Cook: A legume for all seasons earthy lentil fits the bill

“The coldest winter I ever spent was a summer in San Francisco.” This quip about the City by the Bay’s weather has long been attributed to Mark Twain, but there is no record of him ever saying it. What is true is the variability of the Bay Area’s summer weather. From heat wave to fog bank, the region’s climate can be variable, adding to the challenge of summertime meal planning.

Below are some lentil recipes that can be served warm or at room temperature. I chose lentils not just because I enjoy them, but also because they figure so prominently in Jewish culinary traditions.

Sweet and Sour Lentils is a favorite recipe of the Rosenthal family of Oakland. They even served it at their daughter’s bat mitzvah. Middle Eastern Rice and Lentil Pilaf is an unconventional approach to mujadara from Michael Natkin’s “Herbivoracious” (Harvard Common Press), a new vegetarian cookbook full of vibrant photos and recipes. Recipes have been adapted for style and space.


Sweet and Sour Lentils

Serves 6-8

1⁄4 cup soy sauce

1 bay leaf

3 Tbs. onion powder (granulated onion)

3⁄4 cup vegetable oil

3⁄4 cup honey, or to taste

1⁄2 cup red wine vinegar

1 tsp. ground allspice

1⁄2 tsp. powdered ginger

4 cups water

3 cups lentils, picked over and rinsed

1⁄4 cup chopped parsley

Put soy sauce, bay leaf, onion powder, oil, honey, vinegar, allspice, ginger and water in 4-qt. pot. Mix. Add lentils. Bring to a boil. Stir. Cover and lower heat. Simmer for 11⁄4 to 11⁄2 hours, adding water if necessary, until lentils are tender but not mushy. Turn heat off and leave pot covered for 15 minutes. Uncover, remove bay leaf and stir. Serve hot, warm or at room temperature garnished with parsley.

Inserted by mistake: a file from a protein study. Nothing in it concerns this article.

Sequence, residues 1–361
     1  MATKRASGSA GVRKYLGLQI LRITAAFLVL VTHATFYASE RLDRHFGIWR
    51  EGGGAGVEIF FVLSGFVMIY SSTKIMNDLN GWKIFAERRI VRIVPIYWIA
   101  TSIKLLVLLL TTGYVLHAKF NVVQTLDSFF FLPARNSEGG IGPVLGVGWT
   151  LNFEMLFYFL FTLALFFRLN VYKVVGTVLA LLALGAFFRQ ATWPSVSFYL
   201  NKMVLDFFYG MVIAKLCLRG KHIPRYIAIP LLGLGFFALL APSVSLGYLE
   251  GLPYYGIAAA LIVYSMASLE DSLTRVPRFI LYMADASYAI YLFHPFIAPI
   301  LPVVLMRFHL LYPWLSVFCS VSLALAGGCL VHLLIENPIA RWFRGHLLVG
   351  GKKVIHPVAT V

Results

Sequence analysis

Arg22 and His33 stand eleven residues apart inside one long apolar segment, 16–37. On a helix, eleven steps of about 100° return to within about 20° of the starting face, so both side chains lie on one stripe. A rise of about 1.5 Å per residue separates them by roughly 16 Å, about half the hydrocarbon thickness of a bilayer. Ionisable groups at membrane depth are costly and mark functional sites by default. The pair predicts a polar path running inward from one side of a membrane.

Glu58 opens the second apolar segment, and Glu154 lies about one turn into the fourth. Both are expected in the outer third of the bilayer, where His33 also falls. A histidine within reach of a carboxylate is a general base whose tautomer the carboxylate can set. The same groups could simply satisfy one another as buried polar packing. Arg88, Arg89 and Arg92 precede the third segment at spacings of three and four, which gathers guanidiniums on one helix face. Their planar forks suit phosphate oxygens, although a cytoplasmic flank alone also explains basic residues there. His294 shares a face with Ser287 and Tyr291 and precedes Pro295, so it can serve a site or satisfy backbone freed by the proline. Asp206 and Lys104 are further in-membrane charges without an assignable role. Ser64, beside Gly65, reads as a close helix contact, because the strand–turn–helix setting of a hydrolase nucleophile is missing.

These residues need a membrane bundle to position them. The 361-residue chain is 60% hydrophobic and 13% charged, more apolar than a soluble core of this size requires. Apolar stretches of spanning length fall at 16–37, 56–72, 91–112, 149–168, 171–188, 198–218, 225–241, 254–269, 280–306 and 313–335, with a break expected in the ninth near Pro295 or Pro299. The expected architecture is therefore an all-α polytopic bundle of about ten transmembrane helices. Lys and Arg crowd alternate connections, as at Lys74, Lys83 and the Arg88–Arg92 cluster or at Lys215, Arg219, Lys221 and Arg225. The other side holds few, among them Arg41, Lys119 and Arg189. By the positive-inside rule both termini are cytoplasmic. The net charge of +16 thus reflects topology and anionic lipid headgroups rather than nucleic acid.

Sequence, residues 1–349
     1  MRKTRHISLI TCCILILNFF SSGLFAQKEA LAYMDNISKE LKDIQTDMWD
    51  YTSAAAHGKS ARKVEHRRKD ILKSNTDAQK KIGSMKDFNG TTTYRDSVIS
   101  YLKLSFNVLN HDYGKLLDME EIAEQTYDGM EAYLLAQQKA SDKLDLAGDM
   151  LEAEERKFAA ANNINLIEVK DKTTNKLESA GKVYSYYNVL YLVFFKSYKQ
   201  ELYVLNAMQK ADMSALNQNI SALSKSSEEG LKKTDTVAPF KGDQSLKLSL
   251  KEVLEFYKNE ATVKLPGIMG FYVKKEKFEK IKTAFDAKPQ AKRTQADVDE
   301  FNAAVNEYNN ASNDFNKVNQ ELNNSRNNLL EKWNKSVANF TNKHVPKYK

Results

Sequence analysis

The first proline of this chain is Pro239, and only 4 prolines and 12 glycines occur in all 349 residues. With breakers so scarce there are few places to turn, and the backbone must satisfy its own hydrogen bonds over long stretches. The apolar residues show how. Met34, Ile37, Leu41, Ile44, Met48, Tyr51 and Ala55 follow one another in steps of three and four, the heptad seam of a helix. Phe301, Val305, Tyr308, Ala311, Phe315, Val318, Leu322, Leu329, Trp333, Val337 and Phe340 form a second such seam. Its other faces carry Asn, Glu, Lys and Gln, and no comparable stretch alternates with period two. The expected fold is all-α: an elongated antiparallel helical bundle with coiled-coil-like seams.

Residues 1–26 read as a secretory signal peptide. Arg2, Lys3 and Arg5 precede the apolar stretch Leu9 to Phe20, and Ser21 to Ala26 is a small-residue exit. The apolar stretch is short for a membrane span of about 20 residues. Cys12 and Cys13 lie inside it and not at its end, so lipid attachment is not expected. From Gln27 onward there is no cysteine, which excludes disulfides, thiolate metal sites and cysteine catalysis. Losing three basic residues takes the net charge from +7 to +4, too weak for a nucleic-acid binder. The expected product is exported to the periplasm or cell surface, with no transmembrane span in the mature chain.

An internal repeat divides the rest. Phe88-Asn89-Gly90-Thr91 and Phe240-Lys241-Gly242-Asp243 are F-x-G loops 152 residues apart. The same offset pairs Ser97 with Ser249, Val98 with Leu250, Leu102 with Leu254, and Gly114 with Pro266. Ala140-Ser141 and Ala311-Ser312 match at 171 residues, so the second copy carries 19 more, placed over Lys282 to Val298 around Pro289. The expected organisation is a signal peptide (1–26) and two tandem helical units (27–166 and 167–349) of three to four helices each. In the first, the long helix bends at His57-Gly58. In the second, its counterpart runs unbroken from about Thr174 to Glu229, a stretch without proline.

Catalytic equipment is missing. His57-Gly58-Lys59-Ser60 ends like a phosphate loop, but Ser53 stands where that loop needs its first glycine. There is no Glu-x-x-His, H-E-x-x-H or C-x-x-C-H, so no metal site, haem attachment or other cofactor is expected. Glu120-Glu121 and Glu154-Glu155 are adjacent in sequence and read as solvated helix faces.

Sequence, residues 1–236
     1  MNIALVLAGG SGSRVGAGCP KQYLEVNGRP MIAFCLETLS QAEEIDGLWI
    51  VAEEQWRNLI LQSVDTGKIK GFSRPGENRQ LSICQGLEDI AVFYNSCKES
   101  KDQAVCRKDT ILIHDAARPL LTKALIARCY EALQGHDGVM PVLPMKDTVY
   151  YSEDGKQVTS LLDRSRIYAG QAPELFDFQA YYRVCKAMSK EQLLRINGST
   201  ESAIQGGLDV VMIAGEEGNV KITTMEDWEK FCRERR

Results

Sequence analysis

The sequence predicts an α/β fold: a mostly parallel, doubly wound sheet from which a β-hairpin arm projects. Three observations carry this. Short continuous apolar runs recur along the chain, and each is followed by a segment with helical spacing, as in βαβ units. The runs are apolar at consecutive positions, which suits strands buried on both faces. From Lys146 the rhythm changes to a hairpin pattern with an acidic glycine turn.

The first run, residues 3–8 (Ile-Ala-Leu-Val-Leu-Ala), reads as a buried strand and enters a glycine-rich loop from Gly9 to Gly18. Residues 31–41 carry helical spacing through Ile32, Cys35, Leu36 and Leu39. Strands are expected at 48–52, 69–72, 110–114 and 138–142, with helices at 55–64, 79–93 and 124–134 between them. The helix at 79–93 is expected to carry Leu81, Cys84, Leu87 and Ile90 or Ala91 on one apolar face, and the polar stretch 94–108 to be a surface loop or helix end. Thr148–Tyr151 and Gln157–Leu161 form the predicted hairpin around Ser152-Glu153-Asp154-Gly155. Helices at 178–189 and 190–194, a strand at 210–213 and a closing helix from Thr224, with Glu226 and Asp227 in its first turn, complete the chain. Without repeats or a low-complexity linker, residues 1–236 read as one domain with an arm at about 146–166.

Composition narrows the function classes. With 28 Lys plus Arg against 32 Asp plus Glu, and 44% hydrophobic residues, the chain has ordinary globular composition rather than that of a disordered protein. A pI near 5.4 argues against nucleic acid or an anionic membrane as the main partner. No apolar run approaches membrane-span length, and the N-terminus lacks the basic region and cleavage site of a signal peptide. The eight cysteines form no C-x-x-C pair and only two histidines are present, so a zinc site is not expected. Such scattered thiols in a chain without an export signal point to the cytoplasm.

Middle Eastern Rice and Lentil Pilaf

From “Herbivoracious” by Michael Natkin

Serves 6

1⁄4 cup vegetable oil

3 lbs. white onions, sliced moderately thin

2 tsp. plus 1 tsp. kosher salt

1⁄2 cup white wine, dry vermouth or water

6 cups cooked long-grain white or brown rice, warm (see note)

3 cups cooked lentils, warm (see note)

1⁄4 tsp. ground cinnamon

1⁄4 tsp. ground cumin

freshly ground black pepper

1 small handful of parsley, coarsely chopped

flaky sea salt

Heat oil in very large skillet over medium-low heat. Add onions and 2 tsp. kosher salt and cook, stirring occasionally until very soft, about 45 minutes. Turn up heat to medium-high and continue cooking about 20 minutes more, stirring often, until deeply browned and sweet. Pour in wine and stir to scrape up bits at bottom of pan. Mix half the onions with the rice, lentils, cinnamon, cumin, 1 tsp. kosher salt and several grinds of black pepper. Taste and adjust seasonings (see note below). Form a mound of rice and lentils on platter, top with remaining onions, parsley, a grind of pepper and a few grains of the sea salt to taste. Serve warm or at room temperature.

Note: Cook the rice and lentils while the onions are cooking. Use regular brown or green lentils, not red lentils or the small, dark green French lentils. For 3 cups of cooked lentils, combine 2 cups of water with 1 cup of dried lentils. Bring to a boil, lower heat, cover and simmer for about 20 minutes until tender but not falling apart. Drain excess liquid. Natkin notes his recipe makes a milder, earthier mujadara, but he encourages experimentation. For a more assertive taste, try doubling the cumin and cinnamon and or adding 1⁄4 tsp. of red pepper flakes.

Faith Kramer is a Bay Area food writer. Her columns alternate with those of Louise Fiszer. She blogs at Contact her at [email protected].

Faith Kramer
Faith Kramer

Faith Kramer is a Bay Area food writer and the author of “52 Shabbats: Friday Night Dinners Inspired by a Global Jewish Kitchen.” Her website is Contact her at [email protected].